Extra credit

If you would like to understand the Regular Expressions that we used in this example please read on.

In the 32-bit collection we used the Name matches expression comparison in the Application filter:

^java\(tm\) 7(?!.*64)|^java 7(?!.*64)

We need to use this so that this collection doesn’t include computers that only have an old version of 64-bit Java. Notice that we also have to prepare for the application name to start with either “Java(TM) 7” or “Java 7” since early versions of Java 7 included the (TM) in the name. The later updates have removed (TM).

I will quickly break down what this regular expression is doing:

^java\(tm\) 7 means that the application name needs to start (^) with the characters: Java(TM) 7. But if we stopped here we would have some problems because this would match systems running either 32-bit Java 7 or 64-bit Java 7. Why? Because of how Oracle stores the application names. Here are two examples of how Oracle stores the Java name for Java 7 Update 11.

For 32-bit: Java 7 Update 11

For 64-bit: Java 7 Update 11 (64-bit)

Here is a computer which has two installations of Java 7. One is 32-bit (up to date) and one is 64-bit (needs to be updated).

Collection Structure

So the question is how do we NOT include computers that only have a 64-bit version? We use what is known as a Negative Lookahead (?!) to exclude any string that contains the numbers 64 after Java(TM) 7.

The expression “^java\(tm\) 7(?!.*64)” would match the following examples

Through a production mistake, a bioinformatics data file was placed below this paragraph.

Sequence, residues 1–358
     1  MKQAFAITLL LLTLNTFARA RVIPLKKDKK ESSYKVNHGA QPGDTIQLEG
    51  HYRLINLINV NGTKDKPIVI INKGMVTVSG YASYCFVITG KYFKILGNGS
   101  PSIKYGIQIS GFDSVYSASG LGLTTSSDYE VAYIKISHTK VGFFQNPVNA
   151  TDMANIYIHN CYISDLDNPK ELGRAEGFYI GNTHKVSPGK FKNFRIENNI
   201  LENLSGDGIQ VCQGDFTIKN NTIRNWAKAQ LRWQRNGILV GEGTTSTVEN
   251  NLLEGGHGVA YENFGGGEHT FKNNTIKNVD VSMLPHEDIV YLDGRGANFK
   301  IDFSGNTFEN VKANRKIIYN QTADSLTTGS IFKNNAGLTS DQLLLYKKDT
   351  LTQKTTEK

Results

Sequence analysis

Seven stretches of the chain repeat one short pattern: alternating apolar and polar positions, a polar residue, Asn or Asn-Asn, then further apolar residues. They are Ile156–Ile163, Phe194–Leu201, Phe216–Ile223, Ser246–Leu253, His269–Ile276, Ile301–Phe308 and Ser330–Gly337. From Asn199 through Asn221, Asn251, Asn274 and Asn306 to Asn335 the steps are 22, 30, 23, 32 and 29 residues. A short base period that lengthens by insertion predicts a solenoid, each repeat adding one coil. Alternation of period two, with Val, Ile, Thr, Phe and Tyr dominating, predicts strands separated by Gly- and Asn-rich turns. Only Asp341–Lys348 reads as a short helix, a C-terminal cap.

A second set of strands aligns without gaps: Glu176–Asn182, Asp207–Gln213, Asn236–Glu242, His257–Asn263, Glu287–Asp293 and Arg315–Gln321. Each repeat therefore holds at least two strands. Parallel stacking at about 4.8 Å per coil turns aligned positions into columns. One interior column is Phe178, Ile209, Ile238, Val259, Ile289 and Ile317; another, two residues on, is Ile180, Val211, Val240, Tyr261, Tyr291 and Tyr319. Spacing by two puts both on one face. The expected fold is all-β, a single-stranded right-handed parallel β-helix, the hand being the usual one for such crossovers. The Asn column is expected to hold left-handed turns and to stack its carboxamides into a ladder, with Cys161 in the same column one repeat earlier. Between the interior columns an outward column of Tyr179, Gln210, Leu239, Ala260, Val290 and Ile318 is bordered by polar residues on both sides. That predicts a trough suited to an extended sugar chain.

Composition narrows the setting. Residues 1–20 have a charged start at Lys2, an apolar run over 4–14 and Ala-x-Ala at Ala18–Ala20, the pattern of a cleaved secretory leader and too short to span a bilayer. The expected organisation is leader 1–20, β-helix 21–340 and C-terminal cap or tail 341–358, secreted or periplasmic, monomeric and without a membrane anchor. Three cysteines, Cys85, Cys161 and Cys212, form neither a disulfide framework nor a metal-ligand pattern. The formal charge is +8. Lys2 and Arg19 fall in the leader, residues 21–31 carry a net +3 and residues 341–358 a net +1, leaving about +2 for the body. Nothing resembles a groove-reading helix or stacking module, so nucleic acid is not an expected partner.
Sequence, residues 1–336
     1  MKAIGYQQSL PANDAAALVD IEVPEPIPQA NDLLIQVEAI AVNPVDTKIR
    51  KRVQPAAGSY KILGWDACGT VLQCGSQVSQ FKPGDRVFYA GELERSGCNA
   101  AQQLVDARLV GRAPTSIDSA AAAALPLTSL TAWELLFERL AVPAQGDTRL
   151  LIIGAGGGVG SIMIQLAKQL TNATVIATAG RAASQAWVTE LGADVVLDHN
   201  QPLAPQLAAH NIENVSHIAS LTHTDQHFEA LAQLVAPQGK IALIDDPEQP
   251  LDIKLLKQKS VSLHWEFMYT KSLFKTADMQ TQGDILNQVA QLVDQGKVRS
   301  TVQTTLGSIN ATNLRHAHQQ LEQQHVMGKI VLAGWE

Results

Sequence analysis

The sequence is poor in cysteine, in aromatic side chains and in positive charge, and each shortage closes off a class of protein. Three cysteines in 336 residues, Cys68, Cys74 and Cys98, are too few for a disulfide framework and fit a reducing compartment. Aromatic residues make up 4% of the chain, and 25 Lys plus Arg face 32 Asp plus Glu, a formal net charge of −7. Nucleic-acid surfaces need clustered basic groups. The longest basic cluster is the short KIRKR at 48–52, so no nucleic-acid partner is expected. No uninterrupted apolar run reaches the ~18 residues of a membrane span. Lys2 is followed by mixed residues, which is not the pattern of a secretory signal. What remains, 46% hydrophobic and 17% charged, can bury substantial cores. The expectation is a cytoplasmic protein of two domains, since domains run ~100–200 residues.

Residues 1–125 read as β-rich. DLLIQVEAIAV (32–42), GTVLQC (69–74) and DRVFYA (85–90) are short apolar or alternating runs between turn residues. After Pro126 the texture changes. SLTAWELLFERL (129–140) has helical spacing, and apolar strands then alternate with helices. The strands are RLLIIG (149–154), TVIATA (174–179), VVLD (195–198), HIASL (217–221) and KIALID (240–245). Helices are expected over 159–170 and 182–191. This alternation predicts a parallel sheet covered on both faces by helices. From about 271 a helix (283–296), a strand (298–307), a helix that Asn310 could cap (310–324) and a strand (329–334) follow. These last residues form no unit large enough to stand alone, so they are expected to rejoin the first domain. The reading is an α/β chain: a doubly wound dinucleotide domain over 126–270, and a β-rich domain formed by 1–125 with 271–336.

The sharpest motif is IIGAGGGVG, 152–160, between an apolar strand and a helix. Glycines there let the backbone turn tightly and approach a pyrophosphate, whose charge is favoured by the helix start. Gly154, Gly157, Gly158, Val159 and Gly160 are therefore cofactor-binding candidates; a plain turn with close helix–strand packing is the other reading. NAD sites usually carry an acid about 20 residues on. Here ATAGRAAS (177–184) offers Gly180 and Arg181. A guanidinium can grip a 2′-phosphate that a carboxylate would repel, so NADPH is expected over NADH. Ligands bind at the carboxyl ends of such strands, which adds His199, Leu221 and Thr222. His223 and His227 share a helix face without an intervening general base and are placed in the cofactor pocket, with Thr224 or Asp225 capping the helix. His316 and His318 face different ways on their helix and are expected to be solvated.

Java(TM) 7 Update 1

Java(TM) 7

But it would NOT match

Java(TM) 7 Update 1 (64-bit)

Anytime you see a regular expression with a PIPE | this means OR.

^java\(tm\) 7(?!.*64)|^java 7(?!.*64)

With the Pipe symbol you can say OR match xxx. Since some Java names start with “Java(TM) 7” and others start with “Java 7” we need to be able to match either.

Note that since the name Java(TM) includes parentheses (which are considered special characters in expressions) we need to escape them with a preceding backslash in order to properly evaluate. That is why the (TM) looks like \(tm\).

Also note how Oracle stores the Java versions.

7.0.0  – Java 7 with no updates

7.0.10 – Java 7 Update 1

7.0.90 – Java 7 Update 9

7.0.100 – Java 7 Update 10

7.0.110 – Java 7 Update 11

When we use Version version between 7 and 7.0.100 we are saying “show me versions from Java 7 through Java 7 Update 10”.

The expression that we used with the 64-bit collection was slightly different.

^java\(tm\) .+\(64-bit\)|^java .+\(64-bit\)

We aren’t using a negative lookahead we are simply stating that the characters “(64-bit)” must be in the string after Java or Java(TM).

That’s it. Simple, huh?

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Shane Corellian

Shane is the co-founder of PDQ.